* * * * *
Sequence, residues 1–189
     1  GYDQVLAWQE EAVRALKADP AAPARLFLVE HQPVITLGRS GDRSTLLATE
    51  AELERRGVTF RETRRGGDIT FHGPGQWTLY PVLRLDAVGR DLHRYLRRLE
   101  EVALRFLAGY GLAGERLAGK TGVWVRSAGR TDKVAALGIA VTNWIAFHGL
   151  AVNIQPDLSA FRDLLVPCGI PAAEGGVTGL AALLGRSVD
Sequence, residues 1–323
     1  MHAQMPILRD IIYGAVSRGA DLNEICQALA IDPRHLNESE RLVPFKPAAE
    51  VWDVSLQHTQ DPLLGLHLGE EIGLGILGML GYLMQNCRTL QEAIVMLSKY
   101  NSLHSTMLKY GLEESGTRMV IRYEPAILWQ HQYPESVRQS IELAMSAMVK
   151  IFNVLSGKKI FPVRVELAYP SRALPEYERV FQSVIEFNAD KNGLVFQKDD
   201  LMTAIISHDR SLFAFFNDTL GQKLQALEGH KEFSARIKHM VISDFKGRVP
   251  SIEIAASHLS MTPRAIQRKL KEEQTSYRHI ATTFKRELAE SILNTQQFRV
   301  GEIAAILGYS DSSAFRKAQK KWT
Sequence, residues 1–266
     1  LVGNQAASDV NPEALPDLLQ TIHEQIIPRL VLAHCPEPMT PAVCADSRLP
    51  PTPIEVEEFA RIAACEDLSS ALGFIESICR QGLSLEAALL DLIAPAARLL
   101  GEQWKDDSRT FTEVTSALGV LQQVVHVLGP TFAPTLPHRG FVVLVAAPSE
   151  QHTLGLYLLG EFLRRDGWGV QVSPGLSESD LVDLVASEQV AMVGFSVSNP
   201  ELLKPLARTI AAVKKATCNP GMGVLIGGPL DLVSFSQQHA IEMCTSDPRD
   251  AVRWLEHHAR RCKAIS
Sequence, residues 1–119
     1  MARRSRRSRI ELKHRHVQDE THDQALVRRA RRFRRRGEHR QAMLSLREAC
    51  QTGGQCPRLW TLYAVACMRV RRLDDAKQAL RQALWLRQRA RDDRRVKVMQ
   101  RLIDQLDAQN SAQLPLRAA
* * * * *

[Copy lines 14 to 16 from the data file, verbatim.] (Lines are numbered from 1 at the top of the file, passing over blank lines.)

Sequence, residues 1–266
     1  LVGNQAASDV NPEALPDLLQ TIHEQIIPRL VLAHCPEPMT PAVCADSRLP
    51  PTPIEVEEFA RIAACEDLSS ALGFIESICR QGLSLEAALL DLIAPAARLL